A recent report published by FairVote demonstrates that ranked choice voting can change incentives for candidates in a way that decreases the effectiveness of campaign cash. The report suggests that adopting RCV can impact campaign spending by encouraging different campaign strategies. When candidates need to reach out and be a voter’s second or third choice, they are much less likely to go all-negative. Rather than spend copious amounts of money to depress turnout among a rival’s base, candidates are incentivized to get out and knock on doors to find common ground with voters. In other words, RCV rewards hustle over spending.

While further research is needed, this dynamic seems to have played out in cities that use ranked choice voting. In Oakland, for example, voters in 2010 elected the first woman and first Asian-American mayor in the city’s history, who beat a heavily favored opponent that outspent her $850,000 to $280,000. In 2012, an African-American woman ran and won an open Oakland Council seat despite being heavily outspent. She didn’t start her campaign until August — that is, two months after the date of Oakland’s old primary system. Both candidates did the groundwork of connecting with voters and earning their second choices, rather than berating their opponents with negative advertisements.


Another obvious opportunity to decrease the demand for campaign money is to eliminate runoff elections by using ranked choice voting. Look no further than the runoff in Georgia’s 6th. Before the first-round election that took place on April 18th, independent expenditures had totalled a stunning $9 million. Even more concerning is the fact that almost all of that money came from out of state. In fact the election attracted about one penny from Georgia for every $10 in out-of-state money. However since no candidate garnered a majority last month, the two Democratic and Republican candidates left in the race have embarked on a nine-week mudslinging contest to decide the winner in a runoff election that is attracting millions more in outside money. If Georgia had decided this election with RCV, there would have been no need for this — and the people of Georgia’s sixth would already have a voice in Congress.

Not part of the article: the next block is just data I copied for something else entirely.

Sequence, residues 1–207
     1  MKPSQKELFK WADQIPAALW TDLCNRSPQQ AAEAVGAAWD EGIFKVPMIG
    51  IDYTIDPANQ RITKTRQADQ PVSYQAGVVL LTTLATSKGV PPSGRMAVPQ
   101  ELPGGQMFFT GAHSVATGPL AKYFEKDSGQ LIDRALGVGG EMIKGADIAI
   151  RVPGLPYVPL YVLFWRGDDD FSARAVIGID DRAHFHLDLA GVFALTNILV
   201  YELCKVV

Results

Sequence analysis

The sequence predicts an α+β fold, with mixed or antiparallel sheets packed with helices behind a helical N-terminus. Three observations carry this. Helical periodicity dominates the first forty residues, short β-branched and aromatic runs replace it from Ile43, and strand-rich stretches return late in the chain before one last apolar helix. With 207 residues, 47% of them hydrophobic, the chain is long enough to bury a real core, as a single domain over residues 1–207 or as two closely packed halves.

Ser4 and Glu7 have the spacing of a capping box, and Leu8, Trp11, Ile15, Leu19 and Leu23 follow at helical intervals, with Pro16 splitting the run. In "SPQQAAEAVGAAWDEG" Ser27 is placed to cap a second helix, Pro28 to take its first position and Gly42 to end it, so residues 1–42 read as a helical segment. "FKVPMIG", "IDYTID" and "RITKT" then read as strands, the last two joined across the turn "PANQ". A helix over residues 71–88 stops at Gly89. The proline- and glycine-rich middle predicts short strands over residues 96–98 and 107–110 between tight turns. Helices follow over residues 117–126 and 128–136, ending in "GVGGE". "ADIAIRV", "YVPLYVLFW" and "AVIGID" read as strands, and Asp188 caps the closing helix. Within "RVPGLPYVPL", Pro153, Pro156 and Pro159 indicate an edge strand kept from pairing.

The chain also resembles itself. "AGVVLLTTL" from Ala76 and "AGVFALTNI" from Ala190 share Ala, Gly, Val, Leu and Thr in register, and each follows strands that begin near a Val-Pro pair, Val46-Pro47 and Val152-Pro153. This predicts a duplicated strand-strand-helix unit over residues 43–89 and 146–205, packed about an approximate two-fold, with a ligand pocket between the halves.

In many of the cities in which RCV has been adopted, voters have done so primarily to elect a majority winner in a single election and avoid the high costs and low turnout associated with a runoff election. In those cities, RCV has assuredly reduced the amount of campaign dollars spent and the weeks of campaigning (often negative in nature) that come with holding a second election. In FairVote’s research, “a contest that was decided over two rounds was associated with $3.05 more per capita total candidate spending than a contest decided in one round.” In a city like San Francisco, that adds up to about $1.8 million less in spending by candidates.

Ranked choice voting isn’t a panacea, and more research and experience with RCV is needed to come to more concrete conclusions regarding its impact on the demand for money in our electoral process. That said, we know where the current road leads: More negativity and even more money. Campaign finance reformers that want to see immediate progress should embrace this innovative approach to elections. Otherwise, we’re headed for a 2018 election season that could shatter even these infamous new spending records.


Austin Plier